Delhi Charter School in rural northeast Louisiana had a controversial policy in place from 2006 to 2012 that required students who were suspected of being pregnant to take a pregnancy test. If students refused or tested positive, they were kicked out and required to be home-schooled. Since a member of the Delhi Charter community filed a complaint with the ACLU, the school has been thrown in the center of the national debate on how academic institutions should handle teen pregnancy.
The school's policy was changed after the complaint was filed, according to the school's board chairman on Wednesday.
Earlier today, a HuffPost Live segment investigated the ways in which American schools are failing to support teen parents. Host Alicia Menendez talked to Huffington Post Teen Editor Elizabeth Perle, along with two teen mothers and a teen father. Check out the video above to watch the full segment.
One of the teen moms, Natasha, became pregnant at 17. "I trusted the school nurse, told her, and within a week, all the teachers in the school knew about my status," she told HuffPost Live. "I was only a few weeks along, but they were already making much of my life in high school really miserable and politely persuading me to either leave the school or get an abortion."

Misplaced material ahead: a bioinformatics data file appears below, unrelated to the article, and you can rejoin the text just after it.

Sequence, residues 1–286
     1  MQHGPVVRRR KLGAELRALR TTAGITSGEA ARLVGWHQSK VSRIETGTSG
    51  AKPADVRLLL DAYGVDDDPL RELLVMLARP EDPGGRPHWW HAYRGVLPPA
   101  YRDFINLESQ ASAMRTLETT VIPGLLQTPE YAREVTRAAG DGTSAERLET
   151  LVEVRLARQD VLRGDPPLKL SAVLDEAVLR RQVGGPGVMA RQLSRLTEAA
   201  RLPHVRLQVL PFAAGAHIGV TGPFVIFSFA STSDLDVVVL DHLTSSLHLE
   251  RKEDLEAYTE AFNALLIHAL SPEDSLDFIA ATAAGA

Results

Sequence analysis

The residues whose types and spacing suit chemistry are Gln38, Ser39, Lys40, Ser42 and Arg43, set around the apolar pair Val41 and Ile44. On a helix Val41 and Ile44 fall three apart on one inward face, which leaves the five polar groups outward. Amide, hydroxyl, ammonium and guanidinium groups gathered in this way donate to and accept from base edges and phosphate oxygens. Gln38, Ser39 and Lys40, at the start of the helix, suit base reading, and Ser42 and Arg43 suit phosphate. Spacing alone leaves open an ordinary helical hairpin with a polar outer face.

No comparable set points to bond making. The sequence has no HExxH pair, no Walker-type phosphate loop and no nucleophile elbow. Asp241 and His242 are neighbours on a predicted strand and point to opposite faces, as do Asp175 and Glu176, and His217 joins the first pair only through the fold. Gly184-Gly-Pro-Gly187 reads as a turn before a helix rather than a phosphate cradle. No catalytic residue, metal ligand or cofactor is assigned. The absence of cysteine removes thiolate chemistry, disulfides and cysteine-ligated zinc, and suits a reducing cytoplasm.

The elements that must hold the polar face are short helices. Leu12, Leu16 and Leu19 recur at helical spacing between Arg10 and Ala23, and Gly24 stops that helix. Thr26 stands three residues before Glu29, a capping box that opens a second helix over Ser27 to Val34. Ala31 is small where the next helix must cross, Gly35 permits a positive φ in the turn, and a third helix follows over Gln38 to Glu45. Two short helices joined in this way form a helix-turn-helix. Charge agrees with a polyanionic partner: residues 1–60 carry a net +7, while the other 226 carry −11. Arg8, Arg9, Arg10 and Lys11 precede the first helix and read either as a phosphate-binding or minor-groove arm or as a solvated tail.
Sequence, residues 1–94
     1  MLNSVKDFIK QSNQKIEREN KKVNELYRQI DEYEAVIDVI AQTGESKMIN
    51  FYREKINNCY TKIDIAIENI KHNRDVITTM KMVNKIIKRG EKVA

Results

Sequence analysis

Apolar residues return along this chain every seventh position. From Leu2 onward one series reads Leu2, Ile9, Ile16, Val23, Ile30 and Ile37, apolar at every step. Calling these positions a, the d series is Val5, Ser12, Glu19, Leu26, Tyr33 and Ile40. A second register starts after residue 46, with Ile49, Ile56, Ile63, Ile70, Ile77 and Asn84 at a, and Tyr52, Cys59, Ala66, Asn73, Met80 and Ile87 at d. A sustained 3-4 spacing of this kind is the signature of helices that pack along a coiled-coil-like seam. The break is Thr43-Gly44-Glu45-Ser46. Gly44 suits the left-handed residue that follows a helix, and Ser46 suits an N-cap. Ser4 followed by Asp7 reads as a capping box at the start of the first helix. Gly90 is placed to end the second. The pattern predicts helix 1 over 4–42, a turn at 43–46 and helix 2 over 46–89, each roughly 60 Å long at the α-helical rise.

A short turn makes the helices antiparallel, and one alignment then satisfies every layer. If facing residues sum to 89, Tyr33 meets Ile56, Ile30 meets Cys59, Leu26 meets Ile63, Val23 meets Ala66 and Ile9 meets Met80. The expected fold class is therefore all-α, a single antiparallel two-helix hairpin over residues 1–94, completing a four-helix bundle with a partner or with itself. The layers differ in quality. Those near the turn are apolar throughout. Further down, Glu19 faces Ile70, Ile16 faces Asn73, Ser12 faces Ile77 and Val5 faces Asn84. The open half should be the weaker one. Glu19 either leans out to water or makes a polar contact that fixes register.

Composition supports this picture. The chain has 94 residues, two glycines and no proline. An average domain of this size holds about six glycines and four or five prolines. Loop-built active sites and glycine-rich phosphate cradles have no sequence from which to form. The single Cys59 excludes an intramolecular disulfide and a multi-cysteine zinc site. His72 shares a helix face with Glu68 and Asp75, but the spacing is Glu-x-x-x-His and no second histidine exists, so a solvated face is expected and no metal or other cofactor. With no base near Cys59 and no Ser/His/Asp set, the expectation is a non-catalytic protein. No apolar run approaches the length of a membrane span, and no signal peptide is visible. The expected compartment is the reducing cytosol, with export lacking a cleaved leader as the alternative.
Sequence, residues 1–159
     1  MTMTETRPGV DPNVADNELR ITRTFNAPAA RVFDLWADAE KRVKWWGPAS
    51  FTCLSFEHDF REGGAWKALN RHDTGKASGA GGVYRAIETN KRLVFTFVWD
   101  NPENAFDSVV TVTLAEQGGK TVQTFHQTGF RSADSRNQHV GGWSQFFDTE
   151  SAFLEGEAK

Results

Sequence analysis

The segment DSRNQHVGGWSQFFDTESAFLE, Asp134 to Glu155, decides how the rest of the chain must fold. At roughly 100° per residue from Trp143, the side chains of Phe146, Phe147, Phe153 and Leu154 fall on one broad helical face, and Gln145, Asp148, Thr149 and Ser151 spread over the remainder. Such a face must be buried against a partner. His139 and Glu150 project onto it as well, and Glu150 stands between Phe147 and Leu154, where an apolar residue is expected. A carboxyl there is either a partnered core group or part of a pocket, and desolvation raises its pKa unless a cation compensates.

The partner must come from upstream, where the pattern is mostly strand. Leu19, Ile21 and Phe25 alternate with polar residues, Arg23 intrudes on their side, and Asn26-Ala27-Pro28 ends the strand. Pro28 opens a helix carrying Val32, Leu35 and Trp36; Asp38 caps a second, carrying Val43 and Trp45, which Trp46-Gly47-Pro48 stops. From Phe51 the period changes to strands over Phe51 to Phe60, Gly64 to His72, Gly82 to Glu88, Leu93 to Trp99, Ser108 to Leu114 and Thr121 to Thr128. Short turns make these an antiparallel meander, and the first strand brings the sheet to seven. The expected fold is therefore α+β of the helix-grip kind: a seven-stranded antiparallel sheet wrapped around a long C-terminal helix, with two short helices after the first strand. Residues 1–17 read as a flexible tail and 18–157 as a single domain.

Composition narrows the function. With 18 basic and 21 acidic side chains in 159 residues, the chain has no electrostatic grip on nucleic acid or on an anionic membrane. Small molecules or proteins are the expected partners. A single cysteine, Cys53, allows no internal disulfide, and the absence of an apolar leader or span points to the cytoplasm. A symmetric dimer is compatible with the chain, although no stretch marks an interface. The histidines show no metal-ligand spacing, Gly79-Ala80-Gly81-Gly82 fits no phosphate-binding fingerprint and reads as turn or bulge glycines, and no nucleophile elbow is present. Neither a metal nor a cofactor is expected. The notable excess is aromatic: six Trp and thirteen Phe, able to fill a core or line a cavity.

Perle blamed schools for the lack of support teen parents receive. "We're tar and feathering [teen parents], we're scarlet-lettering them, and we're kicking them out of schools because we don't want to deal with the messy reality that teen moms want to raise their children, they want to stay in school, and they want to be teens."
Perle argued that is the school's responsibility to help every student who wants to graduate make sure that they have that opportunity -- whether or not they are pregnant.
"No one should be punished for teen pregnancy," Perle emphasized, "because it's not an offense."
What's your stance on how schools should handle teen pregnancy? Sound off in the comments, and tweet @HuffPostTeen.
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